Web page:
And so, today, almost exactly on schedule, the battle for the 2005 Stanley Cup begins.
Only there will be no ice, no Don Cherry -- and no bumping of the national news.
Instead, the news will begin on time and will include coverage of a different game that will be played out in court for the right to challenge for the most recognizable trophy in the world of sports.
This morning in Ontario Superior Court, a 42-year-old Toronto lawyer named Tim Gilbert will file a claim against the National Hockey League and the trustees of the Stanley Cup.
"Stanley Cup season is about to begin," says David Paciocco, a University of Ottawa law professor and expert on trusts who helped Gilbert prepare the case.
If successful, the court action initiated today could force the trustees to free up the Stanley Cup for competition at a time when the NHL has shut down and the famous trophy had been expected to remain shelved in Toronto's Hockey Hall of Fame.
Governor-General Adrienne Clarkson -- whose predecessor, Lord Stanley, entrusted the trophy to the people of Canada 113 years ago -- has suggested that the Cup should be played for in this year of the owners' lockout. Clarkson suggested this one time women's teams might compete for it, and had hoped the NHL might agree in good faith.
This time, the demand is through the courts, with the two applicants -- Gard Shelley and David Burt, both in their mid-50s, both trained as lawyers, both successful Toronto business executives and both avid hockey fans -- trusting in the law to order up what good faith failed to deliver.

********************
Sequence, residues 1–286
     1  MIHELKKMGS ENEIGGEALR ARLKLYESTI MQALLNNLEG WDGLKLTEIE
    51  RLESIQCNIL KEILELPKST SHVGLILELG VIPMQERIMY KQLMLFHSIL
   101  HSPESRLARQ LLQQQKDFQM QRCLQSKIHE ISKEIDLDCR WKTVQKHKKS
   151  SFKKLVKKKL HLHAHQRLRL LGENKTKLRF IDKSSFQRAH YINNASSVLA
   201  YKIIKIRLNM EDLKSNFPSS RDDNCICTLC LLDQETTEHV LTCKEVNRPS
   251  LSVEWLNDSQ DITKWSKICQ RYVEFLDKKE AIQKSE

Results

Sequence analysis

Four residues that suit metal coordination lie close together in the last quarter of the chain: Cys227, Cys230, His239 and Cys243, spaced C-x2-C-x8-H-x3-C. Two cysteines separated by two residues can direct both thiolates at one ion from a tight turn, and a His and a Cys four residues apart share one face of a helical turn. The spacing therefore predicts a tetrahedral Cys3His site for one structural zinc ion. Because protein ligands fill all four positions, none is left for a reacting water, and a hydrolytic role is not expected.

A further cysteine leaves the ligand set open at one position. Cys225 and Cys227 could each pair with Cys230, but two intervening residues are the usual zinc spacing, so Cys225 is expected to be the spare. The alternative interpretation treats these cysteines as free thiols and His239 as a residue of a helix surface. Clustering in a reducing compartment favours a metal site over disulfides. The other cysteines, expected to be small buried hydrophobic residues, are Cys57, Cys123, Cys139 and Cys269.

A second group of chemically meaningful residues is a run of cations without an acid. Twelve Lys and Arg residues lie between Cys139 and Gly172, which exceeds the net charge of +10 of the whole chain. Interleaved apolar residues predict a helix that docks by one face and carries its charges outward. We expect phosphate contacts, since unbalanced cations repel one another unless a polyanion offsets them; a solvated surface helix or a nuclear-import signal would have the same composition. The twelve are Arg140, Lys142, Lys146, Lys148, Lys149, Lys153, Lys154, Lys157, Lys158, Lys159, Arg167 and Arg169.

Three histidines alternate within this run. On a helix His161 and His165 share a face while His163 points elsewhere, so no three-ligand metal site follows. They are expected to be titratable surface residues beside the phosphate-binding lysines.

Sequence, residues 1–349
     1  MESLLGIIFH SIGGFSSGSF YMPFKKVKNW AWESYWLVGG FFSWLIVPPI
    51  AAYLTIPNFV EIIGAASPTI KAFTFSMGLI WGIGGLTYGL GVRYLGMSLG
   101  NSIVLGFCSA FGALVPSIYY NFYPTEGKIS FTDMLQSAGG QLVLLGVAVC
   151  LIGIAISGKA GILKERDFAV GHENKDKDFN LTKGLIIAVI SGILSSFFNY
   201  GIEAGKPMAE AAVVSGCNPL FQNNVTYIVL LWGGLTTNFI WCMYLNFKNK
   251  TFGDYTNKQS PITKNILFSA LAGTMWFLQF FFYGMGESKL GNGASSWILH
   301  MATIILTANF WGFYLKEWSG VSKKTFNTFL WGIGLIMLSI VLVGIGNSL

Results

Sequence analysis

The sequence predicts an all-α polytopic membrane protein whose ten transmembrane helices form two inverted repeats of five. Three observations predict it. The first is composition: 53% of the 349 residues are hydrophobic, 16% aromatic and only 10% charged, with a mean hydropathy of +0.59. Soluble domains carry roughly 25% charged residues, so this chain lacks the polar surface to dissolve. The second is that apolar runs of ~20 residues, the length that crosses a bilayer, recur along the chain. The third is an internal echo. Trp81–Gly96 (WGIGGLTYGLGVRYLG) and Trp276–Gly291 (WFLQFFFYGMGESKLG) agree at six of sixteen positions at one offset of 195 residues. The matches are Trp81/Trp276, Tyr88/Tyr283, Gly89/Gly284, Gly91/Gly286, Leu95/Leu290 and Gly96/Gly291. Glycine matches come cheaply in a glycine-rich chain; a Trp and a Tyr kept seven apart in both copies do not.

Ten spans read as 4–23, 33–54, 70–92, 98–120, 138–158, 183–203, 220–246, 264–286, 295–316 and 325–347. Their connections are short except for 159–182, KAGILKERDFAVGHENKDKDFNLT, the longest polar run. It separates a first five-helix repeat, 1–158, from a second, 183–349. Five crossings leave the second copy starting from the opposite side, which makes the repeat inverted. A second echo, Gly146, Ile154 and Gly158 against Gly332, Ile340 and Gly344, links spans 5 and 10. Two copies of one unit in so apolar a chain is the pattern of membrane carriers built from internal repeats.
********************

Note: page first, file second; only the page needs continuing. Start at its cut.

"Gard and I are sort of John Does in this," Burt says. "Neither of us wants to be the story."
Still, they are very much part of the story, as both belong to the Wednesday Nighters, a pick-up league of Upper Canada College "old boys." These recreational hockey players decided in February, after NHL commissioner Gary Bettman officially cancelled the 2004-05 season, to challenge for the Cup. What was initially postgame beer talk soon evolved into a legal question that has attracted the interest of a number of lawyers and legal experts.
Gilbert has three lawyers working on the case -- himself, David Donnelly and Sana Halwani -- but numerous others are offering advice from all over Canada, including Ottawa's Paciocco and Edmonton lawyer Roderick C. Payne, who was initially drawn into the controversy over control of the Cup by the Free Stanley Internet movement and did an earlier analysis of the issue.
"It started off as an amusing idea," Burt says, "but as we studied the material, it evolved into an interesting legal issue."
Burt believes it is far more than just a legal issue. In a personal affidavit he will file this morning in Superior Court, he has written: "Like most Canadians, I believe the Cup is a symbol, not only of hockey, but also of Canadian culture. I am truly saddened by the fact that the awarding of the Cup is now treated as captive to purely commercial interests, and is totally dependant on the resolution of a private collective bargaining process, which may take years to resolve."
Both Burt and Shelley say they are operating on behalf of all hockey fans in taking legal action. The Wednesday Nighters initially offered to play for it themselves -- light jerseys against dark -- but eventually came to the conclusion that serious, competitive teams should play for it.
(Some 50 teams -- including those at the highest senior levels -- have apparently expressed interest.)
"We're just a bunch of geriatrics who can barely skate," Shelley says. "So let's be serious about this."
The Wednesday Nighters, however, are very serious indeed about the legal challenge. They are well connected and well heeled, and the applicants are prepared to deal with the possibility that the court might hear their case, rule against them and award costs to the respondents.
In Gilbert's mind, the legal action amounts to "a wake-up call for the National Hockey League."